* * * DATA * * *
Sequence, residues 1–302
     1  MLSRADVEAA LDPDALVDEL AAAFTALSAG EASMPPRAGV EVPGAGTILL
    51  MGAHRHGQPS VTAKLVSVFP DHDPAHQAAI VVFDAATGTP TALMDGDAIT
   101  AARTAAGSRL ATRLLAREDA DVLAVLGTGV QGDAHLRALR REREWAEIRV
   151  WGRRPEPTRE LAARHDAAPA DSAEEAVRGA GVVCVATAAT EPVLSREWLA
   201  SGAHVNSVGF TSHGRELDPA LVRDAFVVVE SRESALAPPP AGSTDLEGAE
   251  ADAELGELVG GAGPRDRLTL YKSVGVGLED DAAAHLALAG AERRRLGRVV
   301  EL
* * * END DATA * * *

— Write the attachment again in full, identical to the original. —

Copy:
Sequence, residues 1–302
     1  MLSRADVEAA LDPDALVDEL AAAFTALSAG EASMPPRAGV EVPGAGTILL
    51  MGAHRHGQPS VTAKLVSVFP DHDPAHQAAI VVFDAATGTP TALMDGDAIT
   101  AARTAAGSRL ATRLLAREDA DVLAVLGTGV QGDAHLRALR REREWAEIRV
   151  WGRRPEPTRE LAARHDAAPA DSAEEAVRGA GVVCVATAAT EPVLSREWLA
   201  SGAHVNSVGF TSHGRELDPA LVRDAFVVVE SRESALAPPP AGSTDLEGAE
   251  ADAELGELVG GAGPRDRLTL YKSVGVGLED DAAAHLALAG AERRRLGRVV
   301  EL